If you asked anyone, they are likely to say that men drink more than women.
However, a recent analysis, published in the journal Alcoholism: Clinical and Experimental Research has found the gap between men and women’s drinking levels is diminishing.
The findings were published in Medical Daily.
Lead author Dr. Aaron White, NIAAA’s senior scientific advisor to the director, noted that the study found that over a period of time, differences in measures such as current drinking, number of drinking days per month, reaching criteria for an alcohol use disorder, and driving under the influence of alcohol in the past year, all narrowed for females and males.
“Males still consume more alcohol, but the differences between men and women are diminishing,” noted Dr. White
For the study, researchers at the National Institute on Alcohol Abuse and Alcoholism (NIAAA) looked at data from the yearly National Survey on Drug Use and Health, which involves about 70,000 people each year. After reviewing results from the years 2002 to 2012, they found difference in rates of alcohol consumption and alcohol-related harms between men and women had slowly, but surely, shrunk.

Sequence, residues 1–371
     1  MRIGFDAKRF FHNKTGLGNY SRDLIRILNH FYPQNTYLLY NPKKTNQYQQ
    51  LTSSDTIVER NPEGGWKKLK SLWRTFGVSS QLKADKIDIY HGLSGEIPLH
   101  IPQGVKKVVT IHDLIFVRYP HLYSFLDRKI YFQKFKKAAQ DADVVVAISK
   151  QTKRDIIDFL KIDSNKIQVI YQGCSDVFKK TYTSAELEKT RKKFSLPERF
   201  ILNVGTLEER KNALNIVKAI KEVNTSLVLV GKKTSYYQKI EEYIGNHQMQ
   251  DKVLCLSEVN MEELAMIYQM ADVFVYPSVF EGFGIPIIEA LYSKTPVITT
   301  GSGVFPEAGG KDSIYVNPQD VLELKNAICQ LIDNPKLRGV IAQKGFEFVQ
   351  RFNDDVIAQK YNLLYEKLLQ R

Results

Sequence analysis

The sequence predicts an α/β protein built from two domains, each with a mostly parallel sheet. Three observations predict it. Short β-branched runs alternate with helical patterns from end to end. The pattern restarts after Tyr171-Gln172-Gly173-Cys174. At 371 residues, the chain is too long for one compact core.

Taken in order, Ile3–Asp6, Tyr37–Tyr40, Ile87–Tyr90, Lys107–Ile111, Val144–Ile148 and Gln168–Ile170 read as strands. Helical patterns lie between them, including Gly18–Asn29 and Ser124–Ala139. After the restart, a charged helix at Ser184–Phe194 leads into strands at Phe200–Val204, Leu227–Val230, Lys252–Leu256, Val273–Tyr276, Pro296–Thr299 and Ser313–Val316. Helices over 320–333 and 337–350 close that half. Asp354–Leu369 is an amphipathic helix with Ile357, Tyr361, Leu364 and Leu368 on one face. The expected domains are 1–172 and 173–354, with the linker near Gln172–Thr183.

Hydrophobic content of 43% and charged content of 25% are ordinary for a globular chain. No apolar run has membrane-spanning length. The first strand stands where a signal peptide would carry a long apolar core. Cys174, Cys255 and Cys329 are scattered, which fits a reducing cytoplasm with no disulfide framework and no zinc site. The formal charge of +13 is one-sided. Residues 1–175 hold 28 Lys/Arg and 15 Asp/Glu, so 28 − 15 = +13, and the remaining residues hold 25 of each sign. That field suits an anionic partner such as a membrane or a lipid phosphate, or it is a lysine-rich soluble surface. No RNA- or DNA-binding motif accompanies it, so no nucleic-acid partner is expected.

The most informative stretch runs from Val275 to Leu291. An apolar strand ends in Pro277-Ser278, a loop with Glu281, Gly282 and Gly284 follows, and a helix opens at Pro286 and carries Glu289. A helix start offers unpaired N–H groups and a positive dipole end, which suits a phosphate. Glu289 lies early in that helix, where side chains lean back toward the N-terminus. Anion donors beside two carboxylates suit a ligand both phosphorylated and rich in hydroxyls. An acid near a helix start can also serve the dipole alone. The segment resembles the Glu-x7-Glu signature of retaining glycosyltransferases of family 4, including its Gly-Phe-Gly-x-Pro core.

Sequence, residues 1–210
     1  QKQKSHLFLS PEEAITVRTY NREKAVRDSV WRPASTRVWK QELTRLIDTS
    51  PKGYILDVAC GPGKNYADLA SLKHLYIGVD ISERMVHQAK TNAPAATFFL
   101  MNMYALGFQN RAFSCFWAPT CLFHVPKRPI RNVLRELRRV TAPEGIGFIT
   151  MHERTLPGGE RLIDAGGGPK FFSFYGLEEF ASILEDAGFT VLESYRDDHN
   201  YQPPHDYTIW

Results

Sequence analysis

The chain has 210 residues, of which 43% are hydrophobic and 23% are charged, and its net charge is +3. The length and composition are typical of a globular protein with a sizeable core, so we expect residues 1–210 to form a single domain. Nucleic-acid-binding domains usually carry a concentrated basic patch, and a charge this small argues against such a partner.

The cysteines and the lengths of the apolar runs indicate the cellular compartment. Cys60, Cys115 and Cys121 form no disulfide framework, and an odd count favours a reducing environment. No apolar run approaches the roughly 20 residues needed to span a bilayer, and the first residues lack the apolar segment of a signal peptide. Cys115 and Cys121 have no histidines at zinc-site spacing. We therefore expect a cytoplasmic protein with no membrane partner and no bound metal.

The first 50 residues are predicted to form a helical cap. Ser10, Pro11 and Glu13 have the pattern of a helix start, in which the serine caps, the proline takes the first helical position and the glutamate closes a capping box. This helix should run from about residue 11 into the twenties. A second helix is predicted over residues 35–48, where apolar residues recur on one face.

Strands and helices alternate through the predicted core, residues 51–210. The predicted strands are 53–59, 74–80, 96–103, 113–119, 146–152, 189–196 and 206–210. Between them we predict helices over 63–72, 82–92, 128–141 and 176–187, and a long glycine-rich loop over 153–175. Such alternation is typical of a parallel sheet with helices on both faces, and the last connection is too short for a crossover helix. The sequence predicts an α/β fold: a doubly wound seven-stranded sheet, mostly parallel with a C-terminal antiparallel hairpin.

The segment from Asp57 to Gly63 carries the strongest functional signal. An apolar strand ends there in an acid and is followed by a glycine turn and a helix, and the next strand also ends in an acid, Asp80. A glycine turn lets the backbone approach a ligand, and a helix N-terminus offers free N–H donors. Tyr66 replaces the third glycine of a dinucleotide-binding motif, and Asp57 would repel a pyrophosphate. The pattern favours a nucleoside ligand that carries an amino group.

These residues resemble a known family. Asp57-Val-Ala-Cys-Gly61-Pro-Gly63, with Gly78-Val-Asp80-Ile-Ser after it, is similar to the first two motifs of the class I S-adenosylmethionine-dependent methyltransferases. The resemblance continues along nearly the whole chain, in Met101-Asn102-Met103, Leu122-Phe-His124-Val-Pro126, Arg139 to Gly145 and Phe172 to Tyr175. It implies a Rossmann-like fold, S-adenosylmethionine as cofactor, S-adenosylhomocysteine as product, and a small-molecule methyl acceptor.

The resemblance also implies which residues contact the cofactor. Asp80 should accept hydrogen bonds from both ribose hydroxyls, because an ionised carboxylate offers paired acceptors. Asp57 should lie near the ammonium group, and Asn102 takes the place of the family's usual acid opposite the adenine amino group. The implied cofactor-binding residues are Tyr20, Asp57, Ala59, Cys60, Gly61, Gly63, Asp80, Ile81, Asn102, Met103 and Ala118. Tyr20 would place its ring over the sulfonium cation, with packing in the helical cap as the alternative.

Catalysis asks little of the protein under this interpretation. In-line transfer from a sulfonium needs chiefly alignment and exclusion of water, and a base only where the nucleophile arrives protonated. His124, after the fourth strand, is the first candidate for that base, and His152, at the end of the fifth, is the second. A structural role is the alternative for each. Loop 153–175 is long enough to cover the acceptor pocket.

Overall, there was a slight increase in the percentage of women who drank over the past 30 days, while the percentage of men who had an alcoholic beverage in that same time frame dropped. The researchers also found women drank 7.3 days per month in 2012, an increase over the 6.8 days per month in 2002. Men, conversely, saw a drop in drinking from 9.9 days a month in 2002 to 9.5 days in 2012.
Binge drinking among 18- to 25-year-old college students didn’t change over the course of the decade, the study found. Binge drinking is defined as having four drinks within two hours for women and five drinks within two hours for men. When it came to 18- to 25-year-olds who weren’t in college, the researchers found binge drinking actually increased. Again, they found there was a significant increase in female binge drinking and a significant decrease in men who binge drank.
The researchers could not find any direct reason regarding why the alcohol consumption gap between men and women closed over the decade despite factoring in marital status, employment, and pregnancy. They concluded their analysis saying more research is needed to understand why these changes occurred, what caused them, and whether their results will be useful toward prevention and treatment efforts.
Source: White A, et al. Converging Patterns of Alcohol Use and Related Outcomes Among Females and Males in the United States, 2002 to 2012. Alcoholism: Clinical and Experimental Research. 2015.